the national interest

Autumn in Washington: There Will Be Blood

President of Americans for Tax Reform, Grover Norquist, makes a rare public appearance on Capitol Hill for a news conference on an energy tax reform initiative in Washington, DC, USA, 03 November 2011. Norquist, an anti-tax activist, has tremendous influence over Republicans; he orchestrated a pledge that binds nearly all Republican lawmakers to a promise not to raise taxes.
Photo: JIM LO SCALZO/Corbis

In the most immediate sense, the prospects for chaos and dysfunction this fall are diminishing, The Republican Establishment is deeply alarmed at the incipient right-wing crusade to insist on shutting down the federal government unless President Obama agrees to defund the Affordable Care Act, and is pushing back aggressively and effectively. Eric Cantor informed Republicans last week he wouldn’t support a shutdown, and the party appears to be backing slowly away from the brink.

But there are two reasons why the calming trend may be merely temporary. The first is that the terms of the debate within the GOP are so extreme that, in order to take on the most implacable fanatics, the forces of relative moderation have themselves ventured far out into the delusional. The growing “moderate” alternative to the demands by Marco Rubio, Ted Cruz, Mike Lee, and Heritage Action for America to defund Obamacare is a proposal endorsed by Grover Norquist and other conservative worthies to delay Obamacare.

The argument for “delay,” as Peter Suderman explains in Reason, is that defunding the law “left no room for negotiation,” while delay “is a more plausible ask.” But while it may be more plausible, it’s still completely implausible. The “delay” position holds that Republicans should agree to keep the federal government’s lights on for one more year in return for delaying the implementation of Obamacare for one year. But what’s going to happen after that year? They’ll demand another delay, of course, and if history is any guide, transform the principle that the government can only be kept open for as long as Obamacare is shut down into a sacred principle.

Suderman concedes that Norquist’s “compromise” is itself highly unlikely. But the fact that it’s being presented as a fallback position itself dramatizes the trouble with the party’s right-versus-far-right internal dynamic. What is in reality the dissipating of revolutionary fantasies feels to conservatives like a process of constant retreat, with each “surrender” bolstering the right’s determination to avoid future surrenders.

This poisonous dynamic aggravates the second problem: There are several other opportunities for surrender on the horizon, and thus numerous chances for conservative anger over the party’s “retreat” on defunding Obamacare to be channeled into further demands for brinksmanship. The most disturbing passage I’ve read in weeks was tucked into a report by National Review’s Robert Costa, who conveys — in the course of reporting the party’s backing away from shutting down the government over Obamacare — that it may instead refuse to lift the debt ceiling over Obamacare:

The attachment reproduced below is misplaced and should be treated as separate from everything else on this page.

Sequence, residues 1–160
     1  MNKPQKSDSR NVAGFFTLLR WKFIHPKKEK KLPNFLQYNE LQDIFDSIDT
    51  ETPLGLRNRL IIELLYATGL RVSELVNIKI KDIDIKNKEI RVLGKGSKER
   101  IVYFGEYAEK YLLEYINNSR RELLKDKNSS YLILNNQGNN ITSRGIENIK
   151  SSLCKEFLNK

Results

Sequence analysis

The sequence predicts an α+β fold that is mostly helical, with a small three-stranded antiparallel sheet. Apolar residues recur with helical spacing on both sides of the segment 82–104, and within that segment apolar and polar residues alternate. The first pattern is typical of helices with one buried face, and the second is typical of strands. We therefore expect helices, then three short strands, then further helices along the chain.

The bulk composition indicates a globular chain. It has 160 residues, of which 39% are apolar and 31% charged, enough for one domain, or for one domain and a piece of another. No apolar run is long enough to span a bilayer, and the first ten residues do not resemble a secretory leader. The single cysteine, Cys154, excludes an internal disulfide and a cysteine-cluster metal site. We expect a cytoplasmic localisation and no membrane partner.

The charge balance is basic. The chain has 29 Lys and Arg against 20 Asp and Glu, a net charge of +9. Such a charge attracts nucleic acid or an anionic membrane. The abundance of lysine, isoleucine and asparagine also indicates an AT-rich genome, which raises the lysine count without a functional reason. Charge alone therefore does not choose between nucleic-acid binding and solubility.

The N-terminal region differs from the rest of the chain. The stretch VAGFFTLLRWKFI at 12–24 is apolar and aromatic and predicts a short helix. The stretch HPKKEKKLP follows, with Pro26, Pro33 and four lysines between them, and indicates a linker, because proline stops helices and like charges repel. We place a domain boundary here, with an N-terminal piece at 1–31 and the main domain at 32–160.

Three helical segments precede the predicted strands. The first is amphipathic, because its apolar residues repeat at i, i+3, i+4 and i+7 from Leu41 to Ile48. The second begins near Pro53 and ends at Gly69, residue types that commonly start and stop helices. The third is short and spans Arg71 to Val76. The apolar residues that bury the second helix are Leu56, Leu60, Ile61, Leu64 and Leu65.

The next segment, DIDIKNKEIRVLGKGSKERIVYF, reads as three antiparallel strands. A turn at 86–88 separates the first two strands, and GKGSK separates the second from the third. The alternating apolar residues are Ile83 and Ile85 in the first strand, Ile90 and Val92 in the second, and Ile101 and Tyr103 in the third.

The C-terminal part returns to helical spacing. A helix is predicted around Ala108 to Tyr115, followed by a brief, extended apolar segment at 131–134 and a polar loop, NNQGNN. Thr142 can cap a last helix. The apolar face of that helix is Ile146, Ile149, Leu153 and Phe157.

Sources tell me the House GOP will probably avoid using a shutdown as leverage and instead use the debt limit and sequester fights as areas for potential legislative trades. Negotiations over increasing the debt limit have frequently been used to wring concessions out of the administration, so there may be movement in that direction: Delay Obamacare in exchange for an increased debt limit.

This is actually even more dangerous than shutting down the government. A government shutdown is disruptive, but can be endured. Nobody knows just what would happen if Congress were to default on payments to holders of Treasury bills, but it could be catastrophic, and at the very least would probably spur bondholders to demand a premium from Washington for years or decades to come. Republicans here are talking themselves out of using a conventional bomb and instead using a nuclear bomb.

Now, they may — and likely will — settle on a less grandiose ransom demand than delaying Obamacare in return for lifting the debt ceiling. But here, again, the opening terms of the debate lie so far to the right that it’s impossible to drag them back into sane territory. The administration’s position is that it won’t negotiate the debt ceiling at all — that Congress simply has to lift it, like it always has in the past, rather than entangle it in the brinksmanship of ideological debate. Any Republican ransom demand will trigger a standoff with potentially dangerous ramifications.

And of course all this is proceeding in an atmosphere of rancid distrust between the party’s base and its leadership, which is poised on a hair-trigger fear of instigating a coup. Conservatives have already forced John Boehner to publicly promise not to bring any immigration bill to a vote without majority support among House Republicans. These promises don’t fully satisfy National Review’s editors, who today demand he take what they call a “blood-oath commitment to oppose any conference committee.”

Do they mean that metaphorically? Literally? Who knows. The blood-dimmed tide is about to be loosed.

Autumn in Washington: There Will Be Blood